Social thinkers

ISTC-Social welcomes an interdisciplinary class of fellows for 2013-2014

Bren School Ph.D. student Ellie Harmon is among 10 ISTC-Social graduate research fellows
Bren School Ph.D. student Ellie Harmon is among 10 ISTC-Social graduate research fellows

Why do some backcountry hikers joke about how great it is to find a “three-bar forest” — a stretch of wilderness where their cell phones get a strong signal? How do people decide who gets to run the Facebook page of their deceased friend? How do the engineers behind online music-recommendation systems guess that fans of The National might also like Arcade Fire?

These are just a few of the questions being explored by this year’s class of fellows at the Intel Science and Technology Center (ISTC) for Social Computing, one of a network of university-based research centers supported by Intel Corporation. Based at UC Irvine, ISTC-Social is focused particularly on interdisciplinary investigations of the social and cultural aspects of information technology and digital media.

Graduate fellows are expected to participate in all ISTC activities and not only at UCI: Visits to Intel Labs in Portland and the center’s partner campuses (Georgia Tech, NYU, Cornell and Indiana University) are also part of the program.

Informatics professor Paul Dourish of the Donald Bren School of Information and Computer Sciences, one of ISTC-Social’s co-directors, says this sort of collaborative thinking has been a great fit at UCI.

“That’s one of the reasons Intel came to us when thinking of developing an ISTC in the area of social computing,” Dourish says. “They were very attracted to the way we put informatics and anthropology together. The question of what technology does is not simply a technical question. You need to understand technology as a social and cultural phenomenon.”

When it first launched, ISTC-Social awarded four yearlong fellowships at UCI for the 2012-2013 academic year. This year, all four of those graduate student researchers have received another fellowship, and they have been joined by six more scholars.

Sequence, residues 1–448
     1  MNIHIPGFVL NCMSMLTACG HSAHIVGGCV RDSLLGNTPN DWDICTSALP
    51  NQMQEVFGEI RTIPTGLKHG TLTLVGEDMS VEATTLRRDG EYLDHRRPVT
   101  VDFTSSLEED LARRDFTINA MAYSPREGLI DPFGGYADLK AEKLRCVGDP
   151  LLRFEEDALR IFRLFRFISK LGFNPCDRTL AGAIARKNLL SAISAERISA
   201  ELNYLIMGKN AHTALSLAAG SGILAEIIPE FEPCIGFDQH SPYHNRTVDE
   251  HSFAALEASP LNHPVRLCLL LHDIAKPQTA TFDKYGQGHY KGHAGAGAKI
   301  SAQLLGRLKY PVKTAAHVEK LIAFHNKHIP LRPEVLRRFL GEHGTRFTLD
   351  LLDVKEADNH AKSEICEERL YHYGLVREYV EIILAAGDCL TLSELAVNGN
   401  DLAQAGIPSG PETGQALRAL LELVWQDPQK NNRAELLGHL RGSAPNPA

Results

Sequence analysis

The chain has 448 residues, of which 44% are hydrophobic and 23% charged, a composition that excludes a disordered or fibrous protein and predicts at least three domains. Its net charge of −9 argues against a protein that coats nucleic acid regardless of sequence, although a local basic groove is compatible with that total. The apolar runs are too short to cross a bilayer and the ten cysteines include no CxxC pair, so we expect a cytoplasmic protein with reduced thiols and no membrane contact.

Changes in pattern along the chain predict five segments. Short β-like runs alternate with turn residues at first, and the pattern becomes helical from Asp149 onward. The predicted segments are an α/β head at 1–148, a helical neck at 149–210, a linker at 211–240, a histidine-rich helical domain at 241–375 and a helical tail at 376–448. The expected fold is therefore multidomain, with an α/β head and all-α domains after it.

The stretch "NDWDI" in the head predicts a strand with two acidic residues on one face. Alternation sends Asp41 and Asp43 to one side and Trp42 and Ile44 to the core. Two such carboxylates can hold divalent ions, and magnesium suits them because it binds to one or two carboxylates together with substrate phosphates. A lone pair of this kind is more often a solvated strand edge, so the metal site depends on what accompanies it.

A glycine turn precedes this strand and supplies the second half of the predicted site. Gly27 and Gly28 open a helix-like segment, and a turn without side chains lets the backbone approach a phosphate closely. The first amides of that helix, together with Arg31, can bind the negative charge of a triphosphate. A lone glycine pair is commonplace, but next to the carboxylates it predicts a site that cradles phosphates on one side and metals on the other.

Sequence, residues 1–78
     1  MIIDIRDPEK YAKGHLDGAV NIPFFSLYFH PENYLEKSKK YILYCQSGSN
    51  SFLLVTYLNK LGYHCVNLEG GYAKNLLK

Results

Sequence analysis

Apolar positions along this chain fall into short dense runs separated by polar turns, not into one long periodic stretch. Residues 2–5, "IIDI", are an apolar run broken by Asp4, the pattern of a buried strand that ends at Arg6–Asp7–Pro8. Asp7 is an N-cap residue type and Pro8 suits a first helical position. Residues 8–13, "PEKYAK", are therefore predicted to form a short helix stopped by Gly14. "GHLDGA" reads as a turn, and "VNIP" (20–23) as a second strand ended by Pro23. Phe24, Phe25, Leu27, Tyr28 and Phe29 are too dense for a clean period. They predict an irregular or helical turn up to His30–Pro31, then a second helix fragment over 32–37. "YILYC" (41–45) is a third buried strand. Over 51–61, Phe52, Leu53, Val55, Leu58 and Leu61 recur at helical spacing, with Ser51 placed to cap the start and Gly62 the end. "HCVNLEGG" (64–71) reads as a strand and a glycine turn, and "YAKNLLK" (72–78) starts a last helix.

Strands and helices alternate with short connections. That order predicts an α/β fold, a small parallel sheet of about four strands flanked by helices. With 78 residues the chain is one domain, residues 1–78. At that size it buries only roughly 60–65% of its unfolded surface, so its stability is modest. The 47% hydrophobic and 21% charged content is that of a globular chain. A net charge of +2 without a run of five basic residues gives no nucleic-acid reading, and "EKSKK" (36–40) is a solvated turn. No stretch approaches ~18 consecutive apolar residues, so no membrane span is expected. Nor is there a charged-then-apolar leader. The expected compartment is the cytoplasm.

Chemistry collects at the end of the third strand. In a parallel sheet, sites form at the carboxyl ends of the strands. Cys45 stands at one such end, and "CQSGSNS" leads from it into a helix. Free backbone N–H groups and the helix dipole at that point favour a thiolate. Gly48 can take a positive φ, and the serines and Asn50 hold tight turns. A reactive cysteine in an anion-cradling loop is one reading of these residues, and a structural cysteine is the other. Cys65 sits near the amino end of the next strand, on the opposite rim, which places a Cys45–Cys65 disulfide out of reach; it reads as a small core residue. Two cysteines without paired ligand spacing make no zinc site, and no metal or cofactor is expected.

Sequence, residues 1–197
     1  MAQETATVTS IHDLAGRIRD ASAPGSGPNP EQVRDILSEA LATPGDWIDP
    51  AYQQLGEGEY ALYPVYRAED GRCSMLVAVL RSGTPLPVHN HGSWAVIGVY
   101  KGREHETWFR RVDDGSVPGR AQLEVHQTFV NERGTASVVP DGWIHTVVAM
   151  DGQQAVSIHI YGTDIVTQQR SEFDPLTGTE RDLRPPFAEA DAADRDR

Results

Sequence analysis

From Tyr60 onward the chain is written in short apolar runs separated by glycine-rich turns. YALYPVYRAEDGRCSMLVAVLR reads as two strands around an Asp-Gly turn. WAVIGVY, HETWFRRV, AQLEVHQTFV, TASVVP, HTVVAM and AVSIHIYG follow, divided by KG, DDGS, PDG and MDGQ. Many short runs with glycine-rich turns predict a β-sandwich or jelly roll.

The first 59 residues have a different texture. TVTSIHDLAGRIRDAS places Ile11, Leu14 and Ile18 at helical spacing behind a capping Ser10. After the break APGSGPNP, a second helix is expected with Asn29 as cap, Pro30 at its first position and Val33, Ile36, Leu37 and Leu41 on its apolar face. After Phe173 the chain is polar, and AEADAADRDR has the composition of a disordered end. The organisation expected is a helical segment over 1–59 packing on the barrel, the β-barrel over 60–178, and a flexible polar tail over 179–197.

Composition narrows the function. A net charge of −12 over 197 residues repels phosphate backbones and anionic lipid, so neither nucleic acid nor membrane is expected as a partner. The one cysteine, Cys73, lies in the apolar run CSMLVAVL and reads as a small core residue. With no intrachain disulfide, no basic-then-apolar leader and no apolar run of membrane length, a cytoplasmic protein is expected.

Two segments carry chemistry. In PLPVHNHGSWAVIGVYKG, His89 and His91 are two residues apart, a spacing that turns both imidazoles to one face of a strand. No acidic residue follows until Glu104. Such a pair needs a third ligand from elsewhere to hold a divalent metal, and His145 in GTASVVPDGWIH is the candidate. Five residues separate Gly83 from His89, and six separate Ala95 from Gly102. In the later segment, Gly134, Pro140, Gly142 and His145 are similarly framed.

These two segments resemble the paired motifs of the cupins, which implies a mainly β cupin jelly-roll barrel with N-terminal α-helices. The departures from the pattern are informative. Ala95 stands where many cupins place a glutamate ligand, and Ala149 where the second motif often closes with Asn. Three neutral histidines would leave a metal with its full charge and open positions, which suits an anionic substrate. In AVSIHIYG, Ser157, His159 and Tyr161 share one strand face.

“As we’ve ramped up and figured out how to work on different, independent projects at the same time — all of which feed into larger-scale programs — we were more comfortable with more fellows this year,” says Bill Maurer, dean of the School of Social Sciences and the other co-director of ISTC-Social.

Five of the 2013-2014 ISTC-Social Fellows are from the Bren School of ICS, one is from the School of Social Ecology, and four are from Social Sciences. Nick Seaver, a Ph.D. student from the Department of Anthropology, is investigating how online music- streaming companies like Pandora develop the algorithms that determine what kind of music to recommend to users, based upon their existing choices.

“My last project was on the history of the player piano, and this one draws on that: They’re both examples of what happens when technology gets mushed up with music — which is supposed to be an expressive thing, not an automatic thing,” Seaver says. “People say there’s no accounting for taste. Well, these big systems are trying to do exactly that, and they have very complicated ideas about whether or not this is something you can compute.”

Like Seaver, Ellie Harmon from the Department of Informatics is in her second year as an ISTC-Social fellow. Last year, she researched how suburban families use smartphone technology to stay connected; this year she has just returned from traversing the Pacific Crest Trail, the 2,663-mile track that stretches from the U.S.-Mexico border to the U.S.- Canada border, where she examined how hikers experience smartphone connectivity (or the lack of it).